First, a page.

Another advantage of the present invention is the use of a brake bolt 76 (see FIGS. 2 and 3) having a knob 78 affixed to the outer end thereof, the brake bolt extending threadably through an opening in tool body 10 to engage, at its inner end, main shaft 28. When lengths of pipe are being faced or heated to their fusion temperature, brake bolt 76 is loosened and does not engage shaft 28. However, after the ends of the pipe to be joined are raised to molten temperature and the ends are forced into contact with each other, while each are in a molten state by the operator moving handle 36 towards fixed handle 12, the operator can rotate knob 78 to force brake bolt 76 against main shaft 20 to lock the main shaft with respect to body 10 and to thereby lock the two lengths of pipe in fixed relationship to each other while the fused joint is in the process of cooling. This enables the operator, after the fused lengths of pipe have been forced into contact with each other, to use knob 78 to lock the pipes in position. The operator can then lay aside the tool and the lengths of pipe being fused to perform other tasks while the joint is cooling to the solidified state. After the joint has cooled to the solidified state, knob 78 is rotated to loosen brake bolt 76. Clamps 14, 16 and 18, 20 are opened by rotating knobs 22 and 24 to remove the joined lengths of pipe from the tool and to permit other lengths of pipe to be secured in the tool for a subsequent fusing operation.
FIGS. 1 through 5 illustrate a hand held butt fusion tool having advantages over such tools presently in use in the industry, however, an even more advanced and more preferred tool for butt fusing small diameter plastic pipe is illustrated in FIGS. 8 through 13 to which attention will now be directed.
The basic components of a preferred tool for joining lengths of small diameter plastic pipe are illustrated in FIGS. 8, 9, 10 and 11. The improved tool includes a generally horizontal body 80 having a front end 82 and a rearward end 84. Downwardly extending from body 80 intermediate ends 82 and 84 is a fixed handle 86. Body 80 and handle 86 are in a generally T-shaped configuration that has important advantages as will be pointed out subsequently. Body 80 and fixed handle 86 are illustrated as being integrally formed with each other, that is, as a single casting, however the invention is not so limited. Fixed handle 86 could be bolted, threaded to or otherwise attached to body 80.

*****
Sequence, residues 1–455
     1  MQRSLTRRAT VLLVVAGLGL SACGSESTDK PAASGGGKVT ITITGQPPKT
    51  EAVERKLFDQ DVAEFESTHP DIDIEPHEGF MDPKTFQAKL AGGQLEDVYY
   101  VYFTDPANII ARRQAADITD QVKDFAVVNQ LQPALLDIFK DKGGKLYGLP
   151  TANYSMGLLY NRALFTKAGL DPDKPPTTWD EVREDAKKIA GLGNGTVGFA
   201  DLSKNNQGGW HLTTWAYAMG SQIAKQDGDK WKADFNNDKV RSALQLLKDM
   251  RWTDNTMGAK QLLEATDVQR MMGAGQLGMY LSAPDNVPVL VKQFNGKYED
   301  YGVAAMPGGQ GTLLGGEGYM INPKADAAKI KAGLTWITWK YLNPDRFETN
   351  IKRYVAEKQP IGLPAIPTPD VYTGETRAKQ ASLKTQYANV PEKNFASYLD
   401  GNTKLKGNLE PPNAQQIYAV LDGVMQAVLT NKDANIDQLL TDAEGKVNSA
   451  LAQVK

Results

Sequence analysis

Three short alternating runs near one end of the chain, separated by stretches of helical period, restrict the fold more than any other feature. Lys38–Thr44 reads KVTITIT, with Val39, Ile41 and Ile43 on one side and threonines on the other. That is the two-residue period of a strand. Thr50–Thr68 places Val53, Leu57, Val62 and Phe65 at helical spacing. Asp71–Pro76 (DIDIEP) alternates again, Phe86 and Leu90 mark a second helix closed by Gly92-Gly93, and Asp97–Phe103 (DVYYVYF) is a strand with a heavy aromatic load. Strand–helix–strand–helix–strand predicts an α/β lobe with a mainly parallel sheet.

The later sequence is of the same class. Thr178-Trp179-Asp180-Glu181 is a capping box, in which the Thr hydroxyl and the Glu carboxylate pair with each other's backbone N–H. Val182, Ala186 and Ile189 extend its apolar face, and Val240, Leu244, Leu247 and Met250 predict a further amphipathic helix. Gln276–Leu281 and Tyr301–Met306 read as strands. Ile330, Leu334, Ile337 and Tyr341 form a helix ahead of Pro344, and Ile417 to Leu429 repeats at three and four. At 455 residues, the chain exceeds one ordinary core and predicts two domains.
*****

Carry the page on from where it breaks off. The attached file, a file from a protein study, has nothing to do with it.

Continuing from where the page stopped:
Affixed to, or as illustrated, integrally formed with body 80 adjacent front end 82 is a fixed clamp lower portion 88. Pivotally attached to it is a fixed clamp pivotal portion 90.
Body 80 is, as illustrated, preferably formed to have integral spaced apart vertically oriented side portions 92 and 94 (See FIGS. 8 and 10) providing a vertical slot 96 therebetween. Positioned within slot 96 is a cylindrical shaft 98 that is in a vertical plane of and at least substantially perpendicular to fixed handle 86.
The front end 82 of body 80 has an increased thickness boss portion 100 having an opening 102 therein that receives shaft 98. In like manner, the rearward end 84 of body 80 has an integral increased thickness boss portion 104 having an opening 106 therethrough that receives shaft 98.
The increase thickness integral boss portions 100 and 104 provide for structural support for shaft 98 while otherwise keeping the ends of body 80 relatively thin to thereby reduce the total weight of the tool. Shaft 98 is maintained within openings 102 and 106 by set screws (not shown) that are threadably positioned in openings 108 and 110.
Slidably received on shaft 98 and partially within slot 96 formed in body 80 is a moveable clamp lower portion 112 shown in cross-section in FIG. 11 and isometrically in FIG. 12. An opening 114 in clamp lower portion 112 slidably receives shaft 98 and the upper end of the moveable clamp has a semi-circular grooved recess 116 configured to engage a plastic pipe. The lower most portion of moveable clamp 112, that is, the portion having the narrowest width and indicated by the numeral 118 is dimensioned to slidably move within slot 96 formed in body 80. The upper part 120 of moveable clamp 112 is wider than lower part 118 providing horizontal ledges 122 that extend out over body side portions 92 and 94.
To either side of groove recess 116 spaced apart threaded openings 124 (only one of which is seen in FIG. 12) extend down through the moveable clamp wider upper part 120 and communicate with ledges 122. Threaded openings 124 each receive a set screw (not seen) that is preferably of the type that has a nylon tip. Body side portions 92 and 94, as best seen in FIGS. 8 and 10, have co-planar upper surfaces 126 and 128. The nylon tips of the set screws (not seen) that are received in threaded openings 124 slide on the planar upper surfaces 126 and 128 to provide a means of adjusting moveable clamp lower portion 112 with respect to body 80 and thereby with respect to fixed clamp lower portion 88. Thus, by this arrangement a system is provided for accurate micro adjustment of the moveable clamp with respect to the fixed clamp to insure accurate alignment of lengths of plastic pipe supported by the tool.
Pivotally supported to moveable clamp lower portion 112 is an upper portion 130. As seen in FIGS. 8 and 9, fixed clamp upper portion 90 is pivoted to fixed clamp lower portion 88 about a hinge pin 132. In like manner, moveable clamp upper portion 130 is pivoted to moveable clamp lower portion 112 by a hinge pin that is obscured in the drawings.